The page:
By Emmanuel Mogbede
The Buhari Media Organisation (BMO) has called on President Muhammadu Buhari to set up a commission of inquiry on government expenditure between 1999 and 2014.
The BMO made the call in a statement signed by its Chairman Niyi Akinsiju and Secretary Cassidy Madueke on Friday in Abuja.
The organisation said such commission was necessary to set the records straight on actual accruals and projects done by three successive Peoples Democratic Party (PDP)-led administrations.
BMO added that such commission would give a clearer picture of how the PDP spent the oil receipts it got within that period.
“We agree with the President that PDP owes Nigerians some explanations on how it spent the unprecedented oil earnings which has been conservatively put at about $1tr from the Obasanjo years till 2014, when the party lost control at the centre.
“Like the President has often said, the average crude oil price at that time was$100 dollars per barrel with daily exports peaking at 2.1 million barrels per day in 2010.
“It was the same period that Dubai was transformed into one of the fastest growing cities in the world with a number of large scale projects, including the Burj Khalifa and the Dubai Mall completed within six years.
“But the state of Nigeria’s infrastructure was nothing to write home about with absolute no rail transportation until 2015, while many major roads and highways were in a state of disrepair,“ the group said.
The organisation added that Nigerians needed to know the actual earnings from their common patrimony within the period in question and how the earnings were spent.
The group said it was still shocked that the party that was culpable in the alleged mismanagement of funds at the national level had the audacity to run a campaign with a theme of ‘Making Nigeria work again”`.
This, it said, the party did without accounting for perhaps the worst period in the nation’s political history.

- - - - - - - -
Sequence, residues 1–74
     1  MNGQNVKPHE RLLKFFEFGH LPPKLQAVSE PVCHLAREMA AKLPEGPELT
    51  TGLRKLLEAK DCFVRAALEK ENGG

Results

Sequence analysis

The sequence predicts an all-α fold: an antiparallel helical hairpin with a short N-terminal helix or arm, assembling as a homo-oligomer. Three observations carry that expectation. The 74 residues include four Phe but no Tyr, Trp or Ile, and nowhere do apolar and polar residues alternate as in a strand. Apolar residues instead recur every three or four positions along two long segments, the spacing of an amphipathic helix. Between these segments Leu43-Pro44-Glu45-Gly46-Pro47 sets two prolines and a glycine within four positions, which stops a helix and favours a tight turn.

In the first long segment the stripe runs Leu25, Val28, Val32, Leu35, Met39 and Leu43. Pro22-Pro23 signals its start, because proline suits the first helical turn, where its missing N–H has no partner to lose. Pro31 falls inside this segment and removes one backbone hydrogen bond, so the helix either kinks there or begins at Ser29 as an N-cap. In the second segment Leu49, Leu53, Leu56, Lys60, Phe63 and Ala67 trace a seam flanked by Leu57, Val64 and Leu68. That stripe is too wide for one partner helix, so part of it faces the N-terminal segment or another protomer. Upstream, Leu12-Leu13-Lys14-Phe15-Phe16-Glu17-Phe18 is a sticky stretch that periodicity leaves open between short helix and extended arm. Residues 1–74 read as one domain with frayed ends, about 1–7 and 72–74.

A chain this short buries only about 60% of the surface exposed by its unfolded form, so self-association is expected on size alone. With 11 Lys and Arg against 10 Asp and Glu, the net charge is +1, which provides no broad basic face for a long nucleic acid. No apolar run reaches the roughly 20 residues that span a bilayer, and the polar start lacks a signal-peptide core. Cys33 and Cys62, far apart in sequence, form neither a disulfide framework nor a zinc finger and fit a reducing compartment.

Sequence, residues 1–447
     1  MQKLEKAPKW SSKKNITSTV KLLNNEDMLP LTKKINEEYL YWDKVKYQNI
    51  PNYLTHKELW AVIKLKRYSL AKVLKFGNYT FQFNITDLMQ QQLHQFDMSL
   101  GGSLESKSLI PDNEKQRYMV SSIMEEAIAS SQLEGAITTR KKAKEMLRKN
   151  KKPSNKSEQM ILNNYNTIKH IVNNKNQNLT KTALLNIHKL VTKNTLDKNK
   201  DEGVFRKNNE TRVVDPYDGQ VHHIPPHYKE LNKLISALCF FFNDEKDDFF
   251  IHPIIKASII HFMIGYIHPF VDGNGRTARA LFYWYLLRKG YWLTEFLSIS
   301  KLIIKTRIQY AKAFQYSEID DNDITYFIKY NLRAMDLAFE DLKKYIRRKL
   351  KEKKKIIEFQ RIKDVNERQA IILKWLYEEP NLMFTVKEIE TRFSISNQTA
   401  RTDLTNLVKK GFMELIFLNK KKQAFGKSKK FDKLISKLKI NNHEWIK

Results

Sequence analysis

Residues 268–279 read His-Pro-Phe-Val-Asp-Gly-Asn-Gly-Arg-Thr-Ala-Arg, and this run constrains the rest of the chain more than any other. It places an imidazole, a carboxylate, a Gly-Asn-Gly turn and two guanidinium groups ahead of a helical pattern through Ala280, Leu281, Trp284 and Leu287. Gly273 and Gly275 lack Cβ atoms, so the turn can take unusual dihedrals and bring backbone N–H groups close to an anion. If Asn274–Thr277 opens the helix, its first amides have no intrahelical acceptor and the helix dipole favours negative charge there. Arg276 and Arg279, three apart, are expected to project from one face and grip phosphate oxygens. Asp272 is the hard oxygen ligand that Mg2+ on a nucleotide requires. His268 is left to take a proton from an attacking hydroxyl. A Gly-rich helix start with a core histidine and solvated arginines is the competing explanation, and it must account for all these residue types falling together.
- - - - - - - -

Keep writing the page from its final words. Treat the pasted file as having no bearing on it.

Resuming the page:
It added that what was even more shocking was that millions of voters allowed themselves to be conned by the PDP and a Presidential candidate who was a central figure in half of the “ruinous“ years.
It recalled that this was after the party had delivered a half-hearted apology through its chairman Uche Secondus.
The BMO noted that the apology was done without necessarily providing any explanation on how it spent the hundreds of millions of dollars that accrued to the country at a period of oil boom.
“We are however glad that an overwhelming majority of Nigerians did not forget the locust years and said a resounding no to the PDP and Atiku Abubakar on February 23.
“They are also with us in our bid to have a proper explanation on the irresponsible spending that characterised the years that the party was in office.
“Although the National Assembly in 2008 probed an aspect of the expenditure incurred on power infrastructure, it is common knowledge that nothing substantial came out of what was then known as the $16bn power probe.
“This is the best time to have an all-encompassing probe that might lead to the trial of individuals behind the irresponsible spending of government funds between 1999 and 2014, “ the BMO stressed.
It maintained that those involved in large scale looting and mismanagement of public funds would not sleep in peace in the next four years unless they gave account of their stewardship.
BMO said this was the best option especially as President Muhammadu Buhari had been doing far more, especially on road and rail network with less oil receipts, since assuming office in 2015.